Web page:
The wheel assembly 20 includes a supporting frame structure 88 including side frame members 90 attached to a transverse angle iron brace member 92 with the side frame members 90 being connected at their rearward ends by a transverse frame member 94. Inclined brace members 96 interconnect the rear edges of the side frame members 90 and the legs 24 at a point above the brace 92 and below the tray 80. A depending bracket 98 is mounted at each side of the rear of the frame 88 with the bottom end of each bracket including a downwardly opening slot 100 which receives an elongated axle 102 therein. Each end of the axle 102 is provided with a wheel 104. The axle 102 is retained in the slots 100 in the brackets 98 by a removable retaining pin 106 extending across the lower end of the slot, below the axle, as illustrated in FIG. 3. Thus, by removing the two pins 106, the axle 102 and the wheels 104 may be separated from the stand.
The wheels 104 are spaced slightly above a supporting surface 108 when the lower ends of the legs 24 are engaging the supporting surface with the stand in an upright position. Thus, when the cart is oriented with the stand in the upright position, it is supported on all four legs with the two wheels 104 spaced above the supporting surface. This structure enables the user to perform rather heavy work on the work bench without damaging the wheels and axle and without the work bench and stand moving in relation to the supporting surface which may be the floor of a work area. With the cart in the vertical position, the wheels and axles can be easily removed by removing the pins. This prevents any unwanted and unexpected movement of the cart by other people in the area without the consent and knowledge of the user. When the wheel assembly is in place, the cart can be easily moved over unpaved areas or surfaces by tilting the cart to the broken line position illustrated in FIG. 3 at which point the wheels and tires 104 enable the cart to be rolled to a desired site of use.
The handle assembly 22 for the cart which enables it to be tilted and rolled to a desired position is in the form of a generally horizontally disposed U-shaped rod 110 that is rigidly affixed to the upper leg portions 28 at a point slightly above the transverse frame member 34 as illustrated in FIG. 3. The U-shaped handle 110 is at a convenient elevation to enable a person to grasp the handle 110, tilt the cart to the broken line position illustrated in FIG. 3 and then roll the cart to a desired location in a manner similar to a hand truck.
The cart 10 includes a plurality of structures for supporting a large number of tools. At each side of the work bench 14, an elongated tool support 112 is supported at its rearward end. The tool support 112 is an angle iron member having a plurality of spaced apertures 114 in the top, inwardly extending flange. The tool holder 112 is pivotally supported at its rearward end for movement between a position generally underlying the edge of the panel 36 to an outward angulated position as illustrated in FIG. 4. To support the tool holder 112, a support bracket 116 is mounted on the leg 24 with the bracket including a vertical sleeve 118 receiving a depending pin 120 rigid with the rear inner corner of the tool support 112. The pin 120 is rotatable and also vertically removable from the sleeve 118 to enable the tool holder to be removed and carried to a site of us. The tool holder 112 is duplicated at each side of the cart and the apertures enable the handles of various types of tools to be inserted downwardly therethrough for supporting the tools in an accessible and observable position for easy access.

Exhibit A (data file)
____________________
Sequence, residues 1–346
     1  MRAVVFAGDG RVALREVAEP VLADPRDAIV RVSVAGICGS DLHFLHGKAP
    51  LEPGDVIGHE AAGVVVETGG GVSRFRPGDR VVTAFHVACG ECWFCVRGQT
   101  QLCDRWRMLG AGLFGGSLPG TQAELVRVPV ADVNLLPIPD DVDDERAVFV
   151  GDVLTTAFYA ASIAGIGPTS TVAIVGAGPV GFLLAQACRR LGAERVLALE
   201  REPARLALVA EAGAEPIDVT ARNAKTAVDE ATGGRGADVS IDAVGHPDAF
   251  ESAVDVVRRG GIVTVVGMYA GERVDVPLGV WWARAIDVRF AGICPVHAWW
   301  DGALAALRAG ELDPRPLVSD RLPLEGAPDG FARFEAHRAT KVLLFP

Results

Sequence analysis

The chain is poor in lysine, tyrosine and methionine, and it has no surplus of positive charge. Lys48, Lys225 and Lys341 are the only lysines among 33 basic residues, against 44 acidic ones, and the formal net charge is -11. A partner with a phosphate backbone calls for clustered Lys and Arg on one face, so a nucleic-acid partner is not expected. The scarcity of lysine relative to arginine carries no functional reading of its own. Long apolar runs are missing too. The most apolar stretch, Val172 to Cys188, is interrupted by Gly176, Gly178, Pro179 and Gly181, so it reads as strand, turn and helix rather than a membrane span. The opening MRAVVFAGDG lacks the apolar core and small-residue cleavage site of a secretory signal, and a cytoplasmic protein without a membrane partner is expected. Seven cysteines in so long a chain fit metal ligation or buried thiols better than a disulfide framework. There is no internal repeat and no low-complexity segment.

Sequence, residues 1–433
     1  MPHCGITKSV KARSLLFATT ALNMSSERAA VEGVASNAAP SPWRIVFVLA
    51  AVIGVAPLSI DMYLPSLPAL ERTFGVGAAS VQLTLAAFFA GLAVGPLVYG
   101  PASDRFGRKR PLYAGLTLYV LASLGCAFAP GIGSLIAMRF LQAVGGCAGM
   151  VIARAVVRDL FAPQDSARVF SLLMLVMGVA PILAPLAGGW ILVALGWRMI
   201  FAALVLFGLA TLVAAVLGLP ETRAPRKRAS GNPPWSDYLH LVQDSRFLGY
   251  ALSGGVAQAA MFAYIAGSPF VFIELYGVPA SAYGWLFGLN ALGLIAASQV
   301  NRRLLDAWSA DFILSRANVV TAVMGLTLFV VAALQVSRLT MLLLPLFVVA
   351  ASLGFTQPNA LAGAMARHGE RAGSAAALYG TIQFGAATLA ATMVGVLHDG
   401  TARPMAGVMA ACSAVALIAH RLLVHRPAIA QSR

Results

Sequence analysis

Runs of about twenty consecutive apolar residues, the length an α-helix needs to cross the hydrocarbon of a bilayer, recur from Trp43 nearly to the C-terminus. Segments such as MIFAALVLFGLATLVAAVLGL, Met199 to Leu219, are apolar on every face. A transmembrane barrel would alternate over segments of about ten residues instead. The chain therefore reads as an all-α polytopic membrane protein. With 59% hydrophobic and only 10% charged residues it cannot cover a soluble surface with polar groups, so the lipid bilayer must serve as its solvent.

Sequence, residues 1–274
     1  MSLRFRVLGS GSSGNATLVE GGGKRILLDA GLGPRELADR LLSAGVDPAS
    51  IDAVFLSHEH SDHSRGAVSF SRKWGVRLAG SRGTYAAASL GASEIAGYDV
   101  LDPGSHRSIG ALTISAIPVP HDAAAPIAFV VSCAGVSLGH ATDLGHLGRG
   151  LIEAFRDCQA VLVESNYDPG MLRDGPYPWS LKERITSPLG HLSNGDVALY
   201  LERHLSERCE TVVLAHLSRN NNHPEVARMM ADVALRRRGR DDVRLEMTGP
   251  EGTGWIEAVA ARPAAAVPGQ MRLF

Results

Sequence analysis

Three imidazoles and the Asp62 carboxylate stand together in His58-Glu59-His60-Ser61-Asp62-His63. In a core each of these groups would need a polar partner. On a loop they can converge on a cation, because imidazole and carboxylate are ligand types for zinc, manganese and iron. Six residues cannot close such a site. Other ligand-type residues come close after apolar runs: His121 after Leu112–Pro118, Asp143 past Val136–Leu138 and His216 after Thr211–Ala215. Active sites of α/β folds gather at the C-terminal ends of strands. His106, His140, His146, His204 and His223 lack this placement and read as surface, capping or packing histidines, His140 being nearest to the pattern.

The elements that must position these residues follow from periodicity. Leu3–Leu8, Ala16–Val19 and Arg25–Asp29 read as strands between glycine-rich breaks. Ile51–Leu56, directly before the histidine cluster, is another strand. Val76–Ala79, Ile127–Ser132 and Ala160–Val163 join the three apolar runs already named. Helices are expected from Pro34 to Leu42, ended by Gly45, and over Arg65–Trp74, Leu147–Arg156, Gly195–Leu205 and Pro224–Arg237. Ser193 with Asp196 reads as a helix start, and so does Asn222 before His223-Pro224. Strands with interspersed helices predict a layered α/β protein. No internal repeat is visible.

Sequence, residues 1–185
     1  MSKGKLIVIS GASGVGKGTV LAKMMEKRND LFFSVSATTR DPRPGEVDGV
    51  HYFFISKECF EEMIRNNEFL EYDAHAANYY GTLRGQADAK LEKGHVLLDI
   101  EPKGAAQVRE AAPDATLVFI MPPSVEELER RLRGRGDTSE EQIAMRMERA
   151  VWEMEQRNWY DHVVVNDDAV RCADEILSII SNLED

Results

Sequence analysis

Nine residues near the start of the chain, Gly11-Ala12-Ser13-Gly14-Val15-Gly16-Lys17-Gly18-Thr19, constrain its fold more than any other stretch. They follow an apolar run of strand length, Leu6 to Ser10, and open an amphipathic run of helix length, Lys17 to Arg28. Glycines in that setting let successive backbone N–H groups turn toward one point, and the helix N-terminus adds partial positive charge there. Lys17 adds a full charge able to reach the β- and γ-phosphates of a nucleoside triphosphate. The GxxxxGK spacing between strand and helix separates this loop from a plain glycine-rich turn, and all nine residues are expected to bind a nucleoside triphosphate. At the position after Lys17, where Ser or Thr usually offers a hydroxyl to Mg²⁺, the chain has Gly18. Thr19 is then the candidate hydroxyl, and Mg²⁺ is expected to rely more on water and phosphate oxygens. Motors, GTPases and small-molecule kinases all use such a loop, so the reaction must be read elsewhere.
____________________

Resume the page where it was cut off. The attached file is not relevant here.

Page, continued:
Mounted along the upper surface of the frame member 34 is a channel shaped tool holder 122 which opens upwardly and is adapted to receive a plurality of sockets 124 with the channel shaped member 122 preferably being in the form of a tool clip to retain a plurality of sockets therein. The upper frame member 32 is oriented to the rear side of the upper leg portions and is provided with a plurality of upwardly extending pegs or pins 125 for supporting sockets thereon and also may be provided with hook shaped members 126 to hang tools therefrom.
Each side of the frame 16 is provided with a plurality of tool supports 130 having apertures or hooks receiving various tools 132 with the rearward end of each support including a depending sleeve 134 engaged with a vertical pin 136 rigid with the upper leg portions 28 to enable the tool supports 130 to be pivoted outwardly to an angulated position illustrated in FIG. 4 or positioned transversely of the frame 16. Certain of the supporting pins 136 are supported from the upper leg portion by forwardly extending brackets 138 or 140 as illustrated in FIGS. 3 and 4 which are oriented to the left side of the cart to orient the holders at different positions with respect to the frame 16 and with respect to the front of the work bench thereby providing a tiered arrangement of tool holders to facilitate access to the tools.
The tool holders may be constructed with various arrangements for supporting the tools such as upstanding pins for supporting sockets with the pins being of various lengths depending upon the length of the sockets. The tool holders may be provided with a plurality of apertures of different sizes and arrangements to receive the handles of various tools. Also, the tool supports may include slots in the upper surface, hooks on the forward surface or an upturned forward edge with a plurality of notches to receive tools such as hammers and the like and any combination or variation thereof. Also, the top frame member 16 may have a tool support bolted thereto with forwardly extending hooks being provided along the forward surface of the tool holder. Also, either or both sides of the work bench may have a stationary tool holder mounted along the subframe just below the work bench panel 36 rather than the pivotal supports 112 or there may be a pivotal support on one side and a stationary support or partial support on the other side.